The Madness of Summer
At the Buckmayne annual pageant, where he appears as the well-known
and much-liked local archaeologist turned TV personality, Steven
Whittaker stands on the brink of a brilliant career. True, there
was his Jill, his ambitious wife, who is suing for divorce over
some misunderstanding with the Lawley sisters. And the sisters, the alluring
Penny and bewitching Imogen, seem bent on casting spells over
him and the ancient Dorset landscape as midsummer approaches,
no doubt egged on by the Pagan Historical Centre, whose helpers
are turning up ever more unlikely finds at the dig Whittaker supervises.
Nothing he can't sort out, he assures his TV film director, his
Head of Department, who has never hidden his dislike of Whittaker's
teaching methods and his pied piper influence on students, and
even the surly Ned Barnes who wants a new age festival on the
One by one the strands of Whittaker's sensible life come apart
as Dorset folklore intrudes into and reawakens his unfinished
business with Penny Lawley, with that disastrous school trip,
and with his own future that lies buried at the Leyton Rings excavation.
CHAPTER ONE (Excerpt)
After the perfomance I saw my family off and returned to the
Buckmayne Community Centre. Chairs had been stacked away, and
a crowd pressed round the makeshift bar. Martins brandished
'What was that again?' I said when we clinked glasses.
'Whittaker, my dear boy, I was asking about the woman you
were avoiding earlier.'
Martins pulled out a notebook. 'Celia the fairy was played
by . . . '
'Played by Imogen Lawley, who looked ravishing in a lavender-blue
number. Any more charmers you know?'
'Penny Lawley. In white over there, talking to the vicar.
She was the shepherdess.'
'I do know my Iolanthe. In fact I'll go over to have a word
with her now, which will let you get back to the sister.'
'Just wanting an interview.'
'Imogen can ask me any time. But hark, the damsel approaches.'
'Imogen,' I said when she stood in front of us, 'this is Joel
Martins, director of Casebook Films. Imogen Lawley, reporter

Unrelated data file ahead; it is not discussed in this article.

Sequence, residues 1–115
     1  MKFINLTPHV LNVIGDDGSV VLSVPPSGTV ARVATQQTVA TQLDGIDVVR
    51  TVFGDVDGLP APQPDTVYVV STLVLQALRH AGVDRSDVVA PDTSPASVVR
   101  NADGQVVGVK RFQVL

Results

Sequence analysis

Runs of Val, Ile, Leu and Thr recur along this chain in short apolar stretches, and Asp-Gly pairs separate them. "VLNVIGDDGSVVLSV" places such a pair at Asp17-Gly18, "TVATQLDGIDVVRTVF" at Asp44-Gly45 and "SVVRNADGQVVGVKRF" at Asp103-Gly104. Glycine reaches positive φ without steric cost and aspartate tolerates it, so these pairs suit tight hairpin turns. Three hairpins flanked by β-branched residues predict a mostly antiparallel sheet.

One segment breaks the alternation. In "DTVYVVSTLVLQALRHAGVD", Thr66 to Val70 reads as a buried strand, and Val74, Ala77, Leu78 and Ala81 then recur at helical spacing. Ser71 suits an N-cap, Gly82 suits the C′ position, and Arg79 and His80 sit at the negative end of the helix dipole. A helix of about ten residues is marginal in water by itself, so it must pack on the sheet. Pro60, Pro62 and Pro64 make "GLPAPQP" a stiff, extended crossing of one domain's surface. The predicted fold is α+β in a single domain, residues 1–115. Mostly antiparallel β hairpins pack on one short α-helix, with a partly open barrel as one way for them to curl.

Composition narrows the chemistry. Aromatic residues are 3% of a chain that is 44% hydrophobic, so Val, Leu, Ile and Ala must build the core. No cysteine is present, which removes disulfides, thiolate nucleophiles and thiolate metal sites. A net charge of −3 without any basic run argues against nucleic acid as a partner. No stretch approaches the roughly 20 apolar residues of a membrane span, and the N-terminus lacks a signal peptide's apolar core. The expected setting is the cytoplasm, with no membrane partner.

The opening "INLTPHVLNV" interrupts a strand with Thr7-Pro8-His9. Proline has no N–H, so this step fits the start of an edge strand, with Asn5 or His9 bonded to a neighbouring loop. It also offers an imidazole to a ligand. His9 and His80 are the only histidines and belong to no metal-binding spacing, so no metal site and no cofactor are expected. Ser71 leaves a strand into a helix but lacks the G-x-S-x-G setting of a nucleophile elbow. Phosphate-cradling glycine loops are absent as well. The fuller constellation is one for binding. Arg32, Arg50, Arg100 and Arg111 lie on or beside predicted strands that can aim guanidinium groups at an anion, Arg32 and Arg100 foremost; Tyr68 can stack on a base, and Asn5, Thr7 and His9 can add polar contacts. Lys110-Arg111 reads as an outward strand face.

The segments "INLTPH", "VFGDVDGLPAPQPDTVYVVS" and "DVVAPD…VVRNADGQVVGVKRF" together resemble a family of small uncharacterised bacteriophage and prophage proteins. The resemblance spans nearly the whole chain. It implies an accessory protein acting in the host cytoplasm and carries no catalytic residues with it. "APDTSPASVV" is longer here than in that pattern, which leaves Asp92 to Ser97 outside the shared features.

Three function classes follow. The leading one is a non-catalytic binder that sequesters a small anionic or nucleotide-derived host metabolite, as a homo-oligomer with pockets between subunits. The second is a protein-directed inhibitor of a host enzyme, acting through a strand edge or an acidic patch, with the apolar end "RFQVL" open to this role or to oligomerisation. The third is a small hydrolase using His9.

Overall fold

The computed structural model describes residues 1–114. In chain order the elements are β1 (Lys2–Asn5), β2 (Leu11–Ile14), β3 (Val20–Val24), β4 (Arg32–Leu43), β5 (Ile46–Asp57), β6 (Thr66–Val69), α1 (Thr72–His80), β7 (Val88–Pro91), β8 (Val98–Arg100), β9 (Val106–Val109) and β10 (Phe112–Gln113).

on the Dorset Times.'
She surveyed the plump figure with its tangled mop of greying
hair. 'Doesn't look like a film director to me', she decided,
staring up through those extravagant lashes.
'Very true,' conceded Martins, seeing Imogen pose in exasperating
innocence. 'But we have to employ the most unlikely types. Even
Stephen here is going to be a star of the small screen. History
in the Community, Time and Tradition. We haven't decided on
a title yet. Depends on what we find locally. Could be quite
rewarding, wouldn't you think?'
'I don't know what you mean, Mr Martins.'
'I mean you should come for a screen test.' He gave me a flustered
look before turning back to the woman who smiled at him indifferently.
'With your sister. We need local people.'
'Which sister, Mr Martins?'
'Good God, Whittaker. Is the place overrun with talent?'
'Whole tribe of them', I said gloomily, wondering if Martins
knew what he was taking on. But in fact Melissa had married
and moved away, to Ludlow or somewhere, the smart wife of an
accomplished country lawyer. Penny was the left-over, the damaged
goods, and only Imogen could be called shameless, the vamp with
the pale green eyes and snub nose. 'Excuse me, you two', I said.
'Ought to circulate.'
'Who now?' said Martins, reaching for his notebook.
'Ted Ten Percent. Imogen will explain.' The woman gave me
an open stare: Imogen with the tight hold on life, who gives
exactly what she promises.